In Krupski v. Costa Crociere, S.P.A., the Supreme Court will decide an issue regarding what constitutes a "mistake" for purposes of adding a defendant to a lawsuit after the statute of limitations has run.  In some cases in which a defendant is not included in a case before the statute of limitations runs, Fed. R. Civ. P. 15(c) permits adding that defendant.  In such cases, the defendant  must have had such sufficient notice of the suit that it would not be prejudiced in defending the case, and the failure to include the defendant must have been because of a "mistake concerning the proper party's identity."

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2009-2010 Supreme Court Term: (5) United States v. Stevens (Part 1) - A Facial First Amendment Attack on a Federal Statute

By Wilson Huhn Published: January 19, 2010

     This term in the case of United States v. Stevens the Supreme Court will decide whether or not Congress has the power to enact a law prohibiting the production and sale of commercial videos depicting cruelty to animals.  The case presents a number of difficult problems under the First Amendment.  One of the issues that is directly presented by this case is whether the government has a compelling reason to prevent people from viewing images of acts of animal cruelty.  An even larger issue, in my opinion, is whether "obscenity" will remain limited to depictions of sexual conduct, or whether the Court will change the meaning of the term to include graphic images of gratuitous violence.  In this initial posting, however, I discuss a narrow, technical question - the difference between challenging a law "on its face" and challenging it "as applied" to the defendant.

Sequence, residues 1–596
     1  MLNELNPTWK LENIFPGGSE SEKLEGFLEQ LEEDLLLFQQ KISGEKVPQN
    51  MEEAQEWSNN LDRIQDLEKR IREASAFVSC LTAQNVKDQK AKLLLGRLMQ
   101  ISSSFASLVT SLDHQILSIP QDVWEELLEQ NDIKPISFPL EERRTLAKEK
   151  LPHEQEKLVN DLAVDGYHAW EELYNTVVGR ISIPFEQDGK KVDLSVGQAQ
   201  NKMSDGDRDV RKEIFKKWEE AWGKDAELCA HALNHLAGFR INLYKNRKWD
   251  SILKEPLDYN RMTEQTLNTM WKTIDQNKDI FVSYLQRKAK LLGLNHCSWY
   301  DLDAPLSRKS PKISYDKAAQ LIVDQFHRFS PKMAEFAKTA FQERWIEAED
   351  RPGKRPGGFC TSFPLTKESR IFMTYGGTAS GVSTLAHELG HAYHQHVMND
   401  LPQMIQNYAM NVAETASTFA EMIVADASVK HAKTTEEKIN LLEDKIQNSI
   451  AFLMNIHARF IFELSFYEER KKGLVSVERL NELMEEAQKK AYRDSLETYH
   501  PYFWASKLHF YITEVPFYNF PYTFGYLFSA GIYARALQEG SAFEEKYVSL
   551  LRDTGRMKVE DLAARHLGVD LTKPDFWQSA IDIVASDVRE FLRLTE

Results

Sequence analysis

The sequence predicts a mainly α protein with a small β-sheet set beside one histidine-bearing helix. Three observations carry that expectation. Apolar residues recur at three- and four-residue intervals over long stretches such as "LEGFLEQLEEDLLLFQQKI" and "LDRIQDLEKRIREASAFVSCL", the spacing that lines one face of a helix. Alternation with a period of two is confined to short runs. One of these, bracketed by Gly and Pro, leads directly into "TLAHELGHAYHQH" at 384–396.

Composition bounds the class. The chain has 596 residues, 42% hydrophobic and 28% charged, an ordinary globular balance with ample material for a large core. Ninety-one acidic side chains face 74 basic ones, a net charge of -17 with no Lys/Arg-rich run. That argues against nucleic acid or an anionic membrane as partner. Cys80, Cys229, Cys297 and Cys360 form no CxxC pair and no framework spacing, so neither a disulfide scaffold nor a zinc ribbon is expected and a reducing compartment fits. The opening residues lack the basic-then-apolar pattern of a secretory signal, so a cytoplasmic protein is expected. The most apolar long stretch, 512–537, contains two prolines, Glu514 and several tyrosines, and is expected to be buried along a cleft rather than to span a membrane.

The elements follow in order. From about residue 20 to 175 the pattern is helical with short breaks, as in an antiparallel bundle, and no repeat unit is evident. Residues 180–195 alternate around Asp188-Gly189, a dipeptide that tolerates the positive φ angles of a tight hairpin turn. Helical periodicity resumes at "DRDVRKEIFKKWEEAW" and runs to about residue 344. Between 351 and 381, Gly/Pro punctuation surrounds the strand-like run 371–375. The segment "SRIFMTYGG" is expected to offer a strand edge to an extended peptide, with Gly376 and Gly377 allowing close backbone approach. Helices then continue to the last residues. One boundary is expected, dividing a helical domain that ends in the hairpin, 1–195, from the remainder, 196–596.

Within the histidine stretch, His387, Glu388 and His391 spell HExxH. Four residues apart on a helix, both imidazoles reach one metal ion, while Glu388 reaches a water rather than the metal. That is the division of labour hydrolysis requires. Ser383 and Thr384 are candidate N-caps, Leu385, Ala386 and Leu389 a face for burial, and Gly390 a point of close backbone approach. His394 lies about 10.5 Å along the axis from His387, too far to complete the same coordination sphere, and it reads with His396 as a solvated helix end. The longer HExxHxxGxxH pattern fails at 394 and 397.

In 1999 Congress enacted and the President signed a statute entitled "Depiction of Animal Cruelty," codified at 18 U.S.C. 48, making it a crime to create, sell, or possess any video or audio recording of animal cruelty for the purpose of selling that recording for commercial gain.  Here is the entire text of the statute:

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United States v. Stevens: (Part 2) Oral Argument

By Wilson Huhn Published: January 19, 2010

      United States v. Stevens, the animal cruelty video case, was argued before the Supreme Court on October 6.  The transcript makes for a fascinating read, both from a forensic as well as a substantive perspective.

     Here is a link to the official transcript of oral argument in the case of United States v. Stevens.

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In Remembrance of Dr. Martin Luther King, Jr.

By Wilson Huhn Published: January 18, 2010

     Here are some extended quotes from Dr. King's "Letter from a Birmingham Jail," links to several other of Dr. King's greatest speeches, and a link to President Barack Obama's speech yesterday in remembrance of Dr. King.

     On April 16, 1963, King released his "Letter from a Birmingham Jail."  First, King explains why he has come to Alabama, and why he should not be considered an "outsider:"

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Does New Governance Still Matter in the Age of USA, Inc.?

By Stefan Published: January 16, 2010

I think so.  More here.

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U.S. Supreme Court - in Plain English

By Lynn Published: January 15, 2010

Who wouldn't like Supreme Court issues explained in easy to understand terminology?  The Supreme Court of the United States Blog (SCOTUSBLOG) is now publishing plain English summaries of the Questions Presented in each of the Supreme Court cases for this Term.   

Below, the blog has set out the questions for cases through April 2010, divided according to subject matter.  The cases are listed with their Plain English issue.

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Prop 8 Trial (Part 3): Briefs and Updates